February 01, 202301 February 2023
The Ombudsman found that council for the Township of Adjala-Tosorontio did not contravene the open meeting rules in the Municipal Act, 2001 when members of the newly elected council attended educational workshops on November 15, 24, and 29, 2022. At the time of these gatherings, four of the seven council members had not yet taken office. As such, a quorum of council was not present, and the gatherings therefore did not meet the definition of a meeting in the Act. As the gatherings were not meetings as defined in the Act, the Act’s open meeting rules did not apply.
July 14, 202214 July 2022
The Ombudsman received a complaint that the Governance Committee for the Niagara Falls Downtown Business Improvement Area lacked quorum when it met on January 12, 2022. The Ombudsman determined that there was a quorum of the Committee present during the meeting.
December 09, 202109 December 2021
The Ombudsman received a complaint that a quorum of council for the Town of Espanola held an illegal closed meeting on January 31, 2019 after the regular council meeting had concluded, contrary to the open meeting requirements under the Municipal Act, 2001. The Ombudsman’s review determined that although a quorum of council was present, the gathering was not a “meeting” under the Act because the discussion did not materially advance the business or decision-making of council.
March 29, 202129 March 2021
The Ombudsman received a complaint alleging that on June 15, 2020, a quorum of councillors for the Town of Hawkesbury discussed council business that they intended to introduce and vote on at a council meeting scheduled for the next day. The complaint alleged that this discussion amounted to a “meeting” and was improperly closed to the public contrary to the Municipal Act, 2001. The Ombudsman’s investigation found that the Mayor individually spoke with three councillors regarding employee terminations in separate discussions. The Ombudsman found that these serial discussions were not a meeting because a quorum of councillors was never present, as required by the definition of “meeting” in the Act.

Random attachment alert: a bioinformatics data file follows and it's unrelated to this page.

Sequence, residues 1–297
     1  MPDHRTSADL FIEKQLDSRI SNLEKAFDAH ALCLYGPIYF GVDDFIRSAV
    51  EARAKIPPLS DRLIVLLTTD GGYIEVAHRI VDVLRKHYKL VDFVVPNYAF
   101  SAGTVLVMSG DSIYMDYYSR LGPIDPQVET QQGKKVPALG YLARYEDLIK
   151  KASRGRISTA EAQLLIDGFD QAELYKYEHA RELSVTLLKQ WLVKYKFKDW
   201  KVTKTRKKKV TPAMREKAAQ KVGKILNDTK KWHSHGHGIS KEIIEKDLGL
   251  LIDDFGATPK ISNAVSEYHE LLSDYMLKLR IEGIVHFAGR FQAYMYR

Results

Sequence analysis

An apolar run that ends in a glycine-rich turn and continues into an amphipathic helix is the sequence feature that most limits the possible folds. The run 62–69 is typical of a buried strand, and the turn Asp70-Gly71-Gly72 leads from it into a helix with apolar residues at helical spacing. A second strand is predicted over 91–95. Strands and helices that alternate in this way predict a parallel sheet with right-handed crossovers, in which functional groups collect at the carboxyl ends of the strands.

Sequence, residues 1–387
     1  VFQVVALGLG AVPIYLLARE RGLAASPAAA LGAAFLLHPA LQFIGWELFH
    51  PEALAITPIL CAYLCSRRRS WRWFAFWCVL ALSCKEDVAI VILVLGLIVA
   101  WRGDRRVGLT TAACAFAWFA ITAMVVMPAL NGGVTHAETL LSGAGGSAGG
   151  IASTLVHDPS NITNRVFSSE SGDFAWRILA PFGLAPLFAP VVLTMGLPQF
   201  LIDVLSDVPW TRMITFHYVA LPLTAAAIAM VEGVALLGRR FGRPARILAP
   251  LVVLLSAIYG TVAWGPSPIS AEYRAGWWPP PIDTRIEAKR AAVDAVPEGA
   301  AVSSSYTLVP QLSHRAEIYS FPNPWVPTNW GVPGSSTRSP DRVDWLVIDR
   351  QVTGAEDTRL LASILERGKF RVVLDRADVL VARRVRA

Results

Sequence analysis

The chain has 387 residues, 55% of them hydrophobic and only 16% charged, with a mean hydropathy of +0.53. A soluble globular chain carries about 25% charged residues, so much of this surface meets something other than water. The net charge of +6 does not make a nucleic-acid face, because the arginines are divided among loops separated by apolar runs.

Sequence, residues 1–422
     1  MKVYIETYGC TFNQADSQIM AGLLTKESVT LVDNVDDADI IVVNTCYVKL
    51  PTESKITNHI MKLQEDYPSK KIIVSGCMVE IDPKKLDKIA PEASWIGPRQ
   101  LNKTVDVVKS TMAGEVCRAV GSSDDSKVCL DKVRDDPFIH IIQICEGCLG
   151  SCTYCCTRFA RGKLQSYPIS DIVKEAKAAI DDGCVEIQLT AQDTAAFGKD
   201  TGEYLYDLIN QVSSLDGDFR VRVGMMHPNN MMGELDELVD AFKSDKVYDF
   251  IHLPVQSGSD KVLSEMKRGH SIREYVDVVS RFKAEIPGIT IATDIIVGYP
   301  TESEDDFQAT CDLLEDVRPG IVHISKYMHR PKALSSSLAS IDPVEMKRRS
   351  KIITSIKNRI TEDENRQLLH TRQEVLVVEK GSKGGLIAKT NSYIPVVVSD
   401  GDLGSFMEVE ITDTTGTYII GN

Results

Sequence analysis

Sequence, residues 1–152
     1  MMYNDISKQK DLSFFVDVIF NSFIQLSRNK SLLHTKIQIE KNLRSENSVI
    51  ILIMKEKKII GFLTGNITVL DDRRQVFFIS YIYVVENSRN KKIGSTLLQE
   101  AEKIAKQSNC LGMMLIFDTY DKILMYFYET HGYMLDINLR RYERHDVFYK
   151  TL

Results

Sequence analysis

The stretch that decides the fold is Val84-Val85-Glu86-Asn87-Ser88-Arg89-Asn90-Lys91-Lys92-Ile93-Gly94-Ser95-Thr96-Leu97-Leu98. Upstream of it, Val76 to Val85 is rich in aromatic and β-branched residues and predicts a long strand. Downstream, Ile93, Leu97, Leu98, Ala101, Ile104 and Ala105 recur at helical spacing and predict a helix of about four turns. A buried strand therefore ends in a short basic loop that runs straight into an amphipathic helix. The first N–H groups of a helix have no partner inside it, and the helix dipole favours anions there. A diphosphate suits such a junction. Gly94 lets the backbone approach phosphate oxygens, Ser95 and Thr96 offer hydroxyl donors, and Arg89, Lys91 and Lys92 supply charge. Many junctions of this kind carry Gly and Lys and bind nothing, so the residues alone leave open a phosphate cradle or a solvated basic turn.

June 19, 202019 June 2020
The Ombudsman reviewed a series of emails exchanged by members of council that refers to an informal interaction between members of council on a prior date. Based on the information gathered during interviews, the Ombudsman was satisfied that no informal meeting took place.
June 10, 202010 June 2020
The Ombudsman received a complaint alleging that a quorum of councillors for the Town of Pelham informally met to discuss a possible donation from a cannabis producer on January 9, 2020, contrary to the open meeting rules of the Municipal Act, 2001. The Ombudsman found that the informal discussion did not contravene the Municipal Act’s open meeting requirements as the discussion did not materially advance council business as required by the Municipal Act. However, the Ombudsman found that the Town of Pelham acted without legal authority when it took action following this informal discussion. By failing to act through resolution and confirming by-law passed at a properly constituted council meeting, the municipality tried to shield its decision-making process from public scrutiny. These actions were contrary to law and wrong under section 21(1) of the Ombudsman Act.
August 02, 201902 August 2019
The Ombudsman received a complaint about a gathering that two council members attended on April 14, 2019. Council for Lambton Shores is composed of nine council members. The new definition of "meeting" in the Municipal Act, 2001 requires that a quorum of members be physically present in order for a gathering to be subject to open meeting requirements.